My preferred holiday to recognize is Thanksgiving. Most years it is the first holiday of the season so you can take care of it early and not be concerned about missing a date in the middle of things. I like to send Thanksgiving cards or letters that express my sincere gratitude for having the recipients as clients. I usually include a simple mention of best wishes as they celebrate the rest of the holiday season. Then, I end with wishing them a safe, happy and prosperous New Year and the commitment to continue to serve their needs in the future. [Read more…]

The Art of Building Client Relationships

customer relationshipsWhen it comes to building long-term relationships with clients, it’s very similar to building long-term friendships. In kindergarten, children are encouraged to make new friends by talking with others, inviting them to play, and being “nice” to them. They often hear these words: “To have a friend, you have to be a friend.” In many business situations, clients often become more than clients. They become friends…not necessarily the kind you would invite to non-business gatherings, but people you truly care about and who care about you.

There is a feature in a local area newspaper where readers are invited to review their favorite non-franchise restaurant. The articles are wonderful publicity for the restaurants. One of the key elements I see repeated over and over again is that patrons know the names of the owners, hosts and/or servers. And, many of the restaurant workers know something about them as well. They know if the guests prefer coffee or tea with breakfast. They may even remember their favorite meal, asking if they want “the usual.”

Put yourself in the seats of those guests for a moment. How would it make you feel to have your particular favorites automatically placed before you without having to explain your preferences? It would make you feel at home or as if you’re at the home of a good friend…someone who knows you well and wants you to have what you want. They want you to be happy. That type of response is the ideal when it comes to serving your clients’ needs and it can be created no matter what your product or service is.

You may think you’re in the business of selling automotive services, home remodeling or repairs, printing services, financial services, tutoring or signs, but you’re not. Even if your products are sold only to other businesses, the business doesn’t make the buying decision. A person does. You are in the people business and learning to make people feel important and cared about will help you make both the initial sale and long-term sales over the course of time.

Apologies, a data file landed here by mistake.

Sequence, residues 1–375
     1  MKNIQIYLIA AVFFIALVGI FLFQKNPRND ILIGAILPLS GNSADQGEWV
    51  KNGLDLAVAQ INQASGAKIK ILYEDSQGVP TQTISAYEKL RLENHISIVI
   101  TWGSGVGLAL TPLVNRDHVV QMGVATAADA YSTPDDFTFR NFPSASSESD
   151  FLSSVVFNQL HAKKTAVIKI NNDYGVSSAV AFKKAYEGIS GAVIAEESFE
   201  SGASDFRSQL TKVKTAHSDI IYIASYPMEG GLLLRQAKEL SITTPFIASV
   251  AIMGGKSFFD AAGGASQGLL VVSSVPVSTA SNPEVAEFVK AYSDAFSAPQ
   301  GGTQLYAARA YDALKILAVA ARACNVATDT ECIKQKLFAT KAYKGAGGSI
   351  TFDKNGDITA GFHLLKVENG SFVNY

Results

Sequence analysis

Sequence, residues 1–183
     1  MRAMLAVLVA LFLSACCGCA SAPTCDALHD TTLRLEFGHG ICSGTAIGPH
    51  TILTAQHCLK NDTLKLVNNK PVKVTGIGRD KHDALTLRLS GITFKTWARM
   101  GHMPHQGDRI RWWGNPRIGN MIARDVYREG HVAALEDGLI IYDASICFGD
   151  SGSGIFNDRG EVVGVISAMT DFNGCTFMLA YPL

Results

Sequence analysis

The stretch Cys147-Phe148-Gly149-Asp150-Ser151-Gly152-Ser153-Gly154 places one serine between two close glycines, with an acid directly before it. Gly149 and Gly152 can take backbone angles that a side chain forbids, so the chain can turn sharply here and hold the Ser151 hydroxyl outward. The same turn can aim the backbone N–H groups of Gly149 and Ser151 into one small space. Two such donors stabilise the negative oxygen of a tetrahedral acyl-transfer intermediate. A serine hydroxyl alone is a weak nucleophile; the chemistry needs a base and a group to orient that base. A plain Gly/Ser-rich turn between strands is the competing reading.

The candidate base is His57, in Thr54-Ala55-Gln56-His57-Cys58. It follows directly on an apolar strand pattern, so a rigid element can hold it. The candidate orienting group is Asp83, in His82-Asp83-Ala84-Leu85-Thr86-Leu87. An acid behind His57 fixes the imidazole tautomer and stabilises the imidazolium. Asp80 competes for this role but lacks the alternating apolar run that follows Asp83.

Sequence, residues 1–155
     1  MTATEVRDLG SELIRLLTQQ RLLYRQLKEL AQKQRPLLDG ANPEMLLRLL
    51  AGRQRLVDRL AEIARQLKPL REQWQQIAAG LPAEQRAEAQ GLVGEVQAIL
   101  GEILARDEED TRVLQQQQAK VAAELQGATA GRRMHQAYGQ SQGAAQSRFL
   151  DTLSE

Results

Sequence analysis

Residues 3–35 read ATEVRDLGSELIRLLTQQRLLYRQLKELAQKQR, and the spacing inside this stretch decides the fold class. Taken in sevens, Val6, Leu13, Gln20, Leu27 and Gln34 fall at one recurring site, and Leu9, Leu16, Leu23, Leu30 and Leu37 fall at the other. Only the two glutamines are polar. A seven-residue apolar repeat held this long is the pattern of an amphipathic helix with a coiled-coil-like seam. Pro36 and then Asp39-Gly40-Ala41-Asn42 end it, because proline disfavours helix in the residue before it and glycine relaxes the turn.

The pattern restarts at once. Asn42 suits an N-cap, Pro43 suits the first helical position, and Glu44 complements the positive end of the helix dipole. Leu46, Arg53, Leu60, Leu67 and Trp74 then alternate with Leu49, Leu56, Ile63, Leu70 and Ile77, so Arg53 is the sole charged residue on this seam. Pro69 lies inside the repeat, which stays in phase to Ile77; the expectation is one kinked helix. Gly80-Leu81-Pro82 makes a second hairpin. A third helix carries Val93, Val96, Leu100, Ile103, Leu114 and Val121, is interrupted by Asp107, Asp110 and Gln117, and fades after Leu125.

Maybe you sell tires, not breakfast. Even so, you should introduce yourself to each client and give your name. Use your clients’ names in conversation during the sales process. Inquire about the use of the vehicle. Does the client have young children or a teenage driver? If so, safety will be an important issue to discuss with them. Do they have a cabin in the woods where some off-road driving is involved? Or, do they travel for business and need “highway” tires? All of these answers help you lead them to the best choice for them. Keeping a record of the answers will help you build long-term relationships.

No matter what your business is, every client should receive your best care during the sales process and after. During the initial sale, get them talking and take good notes. Enter the information into your client database. My colleague Harvey Mackay has a long list of details he requires his salespeople to gather about clients over a certain time period. This includes not just information required to do business, but a few personal details such as birthdays, whether or not they’re married, children’s names, and whether or not they have pets. That information is used to make contacts and to start conversations with clients after the initial sale.

People like to do business with people who are like them, who demonstrate that they care about them beyond making the sale and who keep them in mind when something new that might be of interest to them arises. That type of treatment makes them feel important. They come to rely on businesses and salespeople they know they can trust to have their needs and interests at heart.